Orthomolecular Medicine is not a new paradigm to me. I am afraid it is as subjective to quackery as main stream medicine and that is too bad. You are right about research dollars and medical training and it is a sort of Catch 22. OM needs more research yet the very research it needs to qualify it as a mainstream practice is not available to it. (Although NIH has an "Alternative Medicine" division now that is well funded.) While I also am aware of the lack of patenting for "natural" substances, big-pharma has certainly co-opted this to their advantage by selling lines of vitamins and micro-nutrient formulas much to my disgust but not to my surprise.
Medicine does not necessarily suppress symptoms but, as far as can be ascertained, redirects or re-paths the neurotransmissions that cause the symptoms. (In a lot of cases, they do not know why whole classes of medications work.) The brain changes just like the rest of the body with environmental factors especially stress - this is why medicines for the brain need to be monitored and not simply administered. Unfortunately and to the detriment of the reputation of psychiatry, there are many doctors out there who simply pull out their pad and prescribe based on a standardized practice of presenting symptoms and not on the individual's needs.
So, I see it this way and I am a lucky person/patient I know: get an MD that will be open to nutrient deficiencies and tests for them. I take Mg and D as a result of this as well as Melatonin to supplement sleep meds. I also take several psychotropic meds that are carefully monitored by my MD (I keep charts.) I have been through an OrthoM program at one time (not successful long term) as well as other approaches to brain wiring malfunctions and have learned to bridge programmatic paradigms: big-pharma, yes, but also natural substances that address the whole body.
It is still not easy to be one of the millions who suffer mental illness or disease and I do wish there was a way every one who had one could walk through an FMRI enroute to their MD's office with a good, verifiable set of diagnostics in hand but neurology and neuro-psychiatry is not there yet.
In the meantime, I know how difficult it is to navigate the waters and, when not addressed appropriately, whatever method works for the person's brain malady, know how damaging it can be. Our country's medical system, society, and government really, really needs to get their collective heads around this.
Thank you, meatball, for your additional information and lengthy reply. I appreciate the thoughtfulness it represents and wish there were more comments like yours - mental health really needs this kind of dialogue in America. View Comment
I found this a very interesting string of entries on psychiatric/psychological care. There is an assumption made that Mr. Lanza's actions were the result of side effects of psychiatric medications and that these are bad - an approach strongly promoted by the Church of Scientology, has some foundation for some people but shows what I think is a more severe problem.
When taking psychotropic drugs, there must be a team approach with the prescribing doctor. This would be true when taking insulin for diabetes or a statin for cholesterol. Psychotropic drugs affect the function of the brain, its stability and how the world is perceived which makes it even more important that physicians moderate intake. I have not seen any reports, however, that Adam Lanza had this catastrophic reaction due to improper dosage or monitoring of mood altering drugs.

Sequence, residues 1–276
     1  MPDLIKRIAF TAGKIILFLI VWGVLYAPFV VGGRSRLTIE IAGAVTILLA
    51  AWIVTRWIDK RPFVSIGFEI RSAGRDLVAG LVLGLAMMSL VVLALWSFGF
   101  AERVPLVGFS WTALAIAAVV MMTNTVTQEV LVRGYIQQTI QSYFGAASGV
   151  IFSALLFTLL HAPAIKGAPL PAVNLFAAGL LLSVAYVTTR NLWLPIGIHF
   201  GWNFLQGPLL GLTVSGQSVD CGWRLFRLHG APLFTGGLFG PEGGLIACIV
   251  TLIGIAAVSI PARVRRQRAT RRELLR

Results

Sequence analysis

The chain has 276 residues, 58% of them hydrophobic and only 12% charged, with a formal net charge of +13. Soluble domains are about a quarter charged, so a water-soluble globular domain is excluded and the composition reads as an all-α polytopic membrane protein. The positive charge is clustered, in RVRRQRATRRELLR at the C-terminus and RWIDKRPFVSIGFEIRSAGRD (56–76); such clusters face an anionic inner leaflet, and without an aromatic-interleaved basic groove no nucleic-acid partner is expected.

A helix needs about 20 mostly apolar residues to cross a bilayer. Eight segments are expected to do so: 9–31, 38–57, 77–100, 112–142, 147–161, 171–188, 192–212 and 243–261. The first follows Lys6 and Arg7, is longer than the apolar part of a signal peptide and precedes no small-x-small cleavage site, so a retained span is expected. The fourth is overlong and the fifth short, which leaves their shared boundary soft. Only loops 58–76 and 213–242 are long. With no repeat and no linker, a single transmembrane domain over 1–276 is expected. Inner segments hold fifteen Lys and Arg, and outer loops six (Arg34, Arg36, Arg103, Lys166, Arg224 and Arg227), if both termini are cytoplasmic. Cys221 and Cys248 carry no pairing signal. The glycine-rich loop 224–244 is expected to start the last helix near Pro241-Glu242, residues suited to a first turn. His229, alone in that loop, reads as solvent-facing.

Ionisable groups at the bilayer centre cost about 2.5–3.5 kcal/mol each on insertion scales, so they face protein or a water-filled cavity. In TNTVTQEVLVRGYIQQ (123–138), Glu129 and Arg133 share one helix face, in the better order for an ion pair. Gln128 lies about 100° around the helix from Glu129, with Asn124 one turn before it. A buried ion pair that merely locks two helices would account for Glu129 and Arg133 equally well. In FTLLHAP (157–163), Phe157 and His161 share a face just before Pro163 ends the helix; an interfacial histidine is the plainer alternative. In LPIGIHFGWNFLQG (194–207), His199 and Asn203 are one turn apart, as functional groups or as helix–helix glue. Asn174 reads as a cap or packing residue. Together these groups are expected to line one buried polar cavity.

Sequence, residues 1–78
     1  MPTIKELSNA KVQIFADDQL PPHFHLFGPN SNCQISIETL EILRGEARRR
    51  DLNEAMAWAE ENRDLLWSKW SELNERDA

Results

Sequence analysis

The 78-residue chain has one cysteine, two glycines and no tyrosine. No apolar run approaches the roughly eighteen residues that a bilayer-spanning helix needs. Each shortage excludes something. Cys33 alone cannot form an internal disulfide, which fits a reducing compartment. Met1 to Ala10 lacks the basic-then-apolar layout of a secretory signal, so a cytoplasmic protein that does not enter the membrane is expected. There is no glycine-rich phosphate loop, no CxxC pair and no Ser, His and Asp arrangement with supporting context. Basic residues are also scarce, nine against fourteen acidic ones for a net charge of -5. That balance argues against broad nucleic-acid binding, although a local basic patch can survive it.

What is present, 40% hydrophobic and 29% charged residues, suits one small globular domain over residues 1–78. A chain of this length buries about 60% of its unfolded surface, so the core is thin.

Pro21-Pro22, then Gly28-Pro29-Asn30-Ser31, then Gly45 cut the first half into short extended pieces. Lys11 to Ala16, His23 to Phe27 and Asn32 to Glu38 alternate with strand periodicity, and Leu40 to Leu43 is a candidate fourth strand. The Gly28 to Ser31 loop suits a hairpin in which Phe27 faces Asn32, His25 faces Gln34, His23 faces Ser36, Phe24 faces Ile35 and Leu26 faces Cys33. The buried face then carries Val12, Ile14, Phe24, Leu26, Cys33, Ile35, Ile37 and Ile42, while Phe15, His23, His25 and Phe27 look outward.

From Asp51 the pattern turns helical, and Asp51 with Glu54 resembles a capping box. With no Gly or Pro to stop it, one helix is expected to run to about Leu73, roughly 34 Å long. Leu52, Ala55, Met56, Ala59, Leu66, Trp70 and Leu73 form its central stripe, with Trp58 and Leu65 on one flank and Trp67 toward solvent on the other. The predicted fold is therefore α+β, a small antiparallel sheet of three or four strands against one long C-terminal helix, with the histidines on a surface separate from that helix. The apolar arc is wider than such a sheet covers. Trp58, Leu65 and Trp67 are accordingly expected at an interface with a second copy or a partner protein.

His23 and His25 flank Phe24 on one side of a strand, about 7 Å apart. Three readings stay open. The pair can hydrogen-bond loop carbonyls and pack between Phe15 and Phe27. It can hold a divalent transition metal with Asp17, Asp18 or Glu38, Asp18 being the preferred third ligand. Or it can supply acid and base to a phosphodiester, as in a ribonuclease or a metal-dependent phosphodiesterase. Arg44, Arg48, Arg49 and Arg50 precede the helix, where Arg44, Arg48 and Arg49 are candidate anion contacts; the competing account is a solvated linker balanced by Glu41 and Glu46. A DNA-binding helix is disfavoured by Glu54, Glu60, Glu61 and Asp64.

I looked up Dr. Abram Hoffer, read his autobiographical statement and Wikipedia entry. The reason there has not been a wide adoption of his approach is that his successes are merely claims as they have not been able to be replicated. That would be with the exception of niacin for lowering the "bad" cholesterol which is a widely accepted alternative to taking statins.
Orthomolecular medicine, however, is as commercialized as any "big pharma" practice with plenty of opportunities to buy mega-doses of various vitamins to improve health. The claim at "truehope.com" is they have helped as many as 90,000 people with their approach: the NIMH statistics on the number of people struggling with mental health in America is 57.7 million people over the age of 18. In addition, vitamin therapy is also not benign and has many side effects for those who many have compromised neurotransmission, as with schizoaffective disorders, or other health issues, e.g., adrenal problems.
I am not a big fan of the pharmaceutical industry either and find their aggressive marketing, courting of physicians and veritable takeover of medical practice in America repulsive. At the same time, many people have brain wiring that needs help and this is what we have got.
I tried all of the various "natural" modalities myself before reluctantly joining the big pharma ranks. Defective brain wiring in my family is genetic - my mother suffered horribly from mental disease and, if she had had the opportunity to take medications that would have helped her, well, let's just say, I wish she could have. Her life would have been improved immeasurably.
Meds are a pain to take and have side effects but, at the same time, allow many, many people suffering from mental illness to have lives in their respective communities. We may not like how they are delivered to us, wish they were further along in research studies to maximize their effectiveness and minimize their discomforts but feel lucky to have them at all.
I lived in California when Reagan was Governor and released all of the long term care mental patients to what was supposed to be community living in half way houses. Those were never established - funding was not forthcoming nor did communities want identified mentally ill people, and thus began the large homeless issue costing California far more in policing, imprisoning and providing scattered health care to released patients. Penny wise, pound foolish and one of the more egregious moves ever made by a California state governor. View Comment